Related to polyonymous: Ginormous, gruntle


having or known by several different names
Collins English Dictionary – Complete and Unabridged, 12th Edition 2014 © HarperCollins Publishers 1991, 1994, 1998, 2000, 2003, 2006, 2007, 2009, 2011, 2014


(ˌpɒl iˈɒn ə məs)

having or known by several or many names.
[1670–80; < Greek polyṓnymos=poly- poly- + -ōnymos -named]
pol`y•on′y•my, n.
Random House Kernerman Webster's College Dictionary, © 2010 K Dictionaries Ltd. Copyright 2005, 1997, 1991 by Random House, Inc. All rights reserved.
References in periodicals archive ?
There are boundaries, however, that Trypho will absolutely not cross--most notably the ultimate identification of the polyonymous agent in theophanies with Jesus of Nazareth.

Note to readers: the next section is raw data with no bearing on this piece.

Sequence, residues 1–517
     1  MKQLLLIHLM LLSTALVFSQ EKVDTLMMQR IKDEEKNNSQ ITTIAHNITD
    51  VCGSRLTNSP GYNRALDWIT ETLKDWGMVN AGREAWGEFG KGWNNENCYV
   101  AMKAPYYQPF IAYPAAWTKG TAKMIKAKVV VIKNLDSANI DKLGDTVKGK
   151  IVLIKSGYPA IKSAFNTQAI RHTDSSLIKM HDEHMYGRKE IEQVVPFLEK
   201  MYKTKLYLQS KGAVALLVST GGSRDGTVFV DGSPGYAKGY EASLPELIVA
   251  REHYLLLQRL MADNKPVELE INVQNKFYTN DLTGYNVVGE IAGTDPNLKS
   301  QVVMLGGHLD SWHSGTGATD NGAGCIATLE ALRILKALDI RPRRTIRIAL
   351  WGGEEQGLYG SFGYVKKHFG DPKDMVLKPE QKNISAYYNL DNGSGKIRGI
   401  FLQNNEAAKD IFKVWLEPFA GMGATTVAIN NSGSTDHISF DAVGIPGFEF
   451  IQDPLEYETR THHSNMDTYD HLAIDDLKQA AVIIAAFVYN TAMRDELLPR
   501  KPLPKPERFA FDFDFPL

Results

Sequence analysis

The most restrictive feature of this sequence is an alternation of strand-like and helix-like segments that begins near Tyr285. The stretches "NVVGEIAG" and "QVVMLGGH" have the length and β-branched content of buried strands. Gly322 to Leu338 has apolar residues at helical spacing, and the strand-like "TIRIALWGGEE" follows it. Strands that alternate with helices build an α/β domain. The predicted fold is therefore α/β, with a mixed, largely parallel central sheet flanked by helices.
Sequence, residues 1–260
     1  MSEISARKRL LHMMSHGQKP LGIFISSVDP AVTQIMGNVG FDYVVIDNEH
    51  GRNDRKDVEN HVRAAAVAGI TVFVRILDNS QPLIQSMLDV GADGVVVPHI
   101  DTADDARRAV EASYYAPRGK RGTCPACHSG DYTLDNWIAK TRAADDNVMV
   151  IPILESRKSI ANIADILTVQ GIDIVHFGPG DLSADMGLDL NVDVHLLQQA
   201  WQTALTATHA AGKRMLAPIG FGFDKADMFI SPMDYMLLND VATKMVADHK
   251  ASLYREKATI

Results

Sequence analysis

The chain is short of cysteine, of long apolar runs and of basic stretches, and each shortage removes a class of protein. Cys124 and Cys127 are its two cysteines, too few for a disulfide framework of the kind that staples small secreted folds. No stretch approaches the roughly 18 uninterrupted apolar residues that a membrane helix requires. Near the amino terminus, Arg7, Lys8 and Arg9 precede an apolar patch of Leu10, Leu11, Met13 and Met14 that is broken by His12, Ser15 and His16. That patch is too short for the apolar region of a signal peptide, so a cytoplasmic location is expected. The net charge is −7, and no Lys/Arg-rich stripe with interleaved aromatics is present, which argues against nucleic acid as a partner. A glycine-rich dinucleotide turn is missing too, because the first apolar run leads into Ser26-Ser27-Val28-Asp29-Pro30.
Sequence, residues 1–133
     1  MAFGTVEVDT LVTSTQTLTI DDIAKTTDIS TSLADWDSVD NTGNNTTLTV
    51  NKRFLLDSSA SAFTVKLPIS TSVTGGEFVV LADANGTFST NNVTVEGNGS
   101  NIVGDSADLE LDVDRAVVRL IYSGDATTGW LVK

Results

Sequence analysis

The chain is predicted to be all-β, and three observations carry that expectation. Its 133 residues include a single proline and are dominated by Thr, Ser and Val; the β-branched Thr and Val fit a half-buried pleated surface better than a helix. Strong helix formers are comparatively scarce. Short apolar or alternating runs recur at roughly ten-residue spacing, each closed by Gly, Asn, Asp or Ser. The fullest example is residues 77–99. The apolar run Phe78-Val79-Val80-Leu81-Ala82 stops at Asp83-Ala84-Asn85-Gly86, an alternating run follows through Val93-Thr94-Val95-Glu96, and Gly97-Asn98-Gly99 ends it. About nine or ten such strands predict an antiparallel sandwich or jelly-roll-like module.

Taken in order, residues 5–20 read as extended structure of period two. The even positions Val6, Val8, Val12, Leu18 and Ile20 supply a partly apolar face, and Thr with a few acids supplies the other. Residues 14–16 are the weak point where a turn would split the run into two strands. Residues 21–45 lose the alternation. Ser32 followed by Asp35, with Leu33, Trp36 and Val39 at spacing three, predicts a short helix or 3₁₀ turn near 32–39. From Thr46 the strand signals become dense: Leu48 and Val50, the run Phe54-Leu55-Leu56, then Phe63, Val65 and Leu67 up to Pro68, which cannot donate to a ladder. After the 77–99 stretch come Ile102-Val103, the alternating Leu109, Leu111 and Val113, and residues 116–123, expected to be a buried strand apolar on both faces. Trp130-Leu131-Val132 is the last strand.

But where epiphany might be reductive or totalizing, Hemingway's images are too fragmented to cohere: compounds confuse syntax and the rhythms of fine writing; vehicles are more unfamiliar than their tenors; animals, which Adam colonized through naming, are polyonymous. An animal is thus more than its name, symbolic association, popular image, or even taxonomic status.
Adoptive and Polyonymous Nomenclature in the Roman Empire (Helsinski
Salomies, Adoptive and Polyonymous Nomenclature in the Roman Empire (Commentationes Humanarum Litterarum 97, Helsinki, 1992).
Courtney includes the two words delivered in a recitation by Propertius' polyonymous descendant C.
Often it is not the jealous God of Calvinistic clericalism that translators had adopted, or thought they were adopting, for the vernacular scriptures, but the polyonymous deity of the tribe, resplendent with theophorous titles.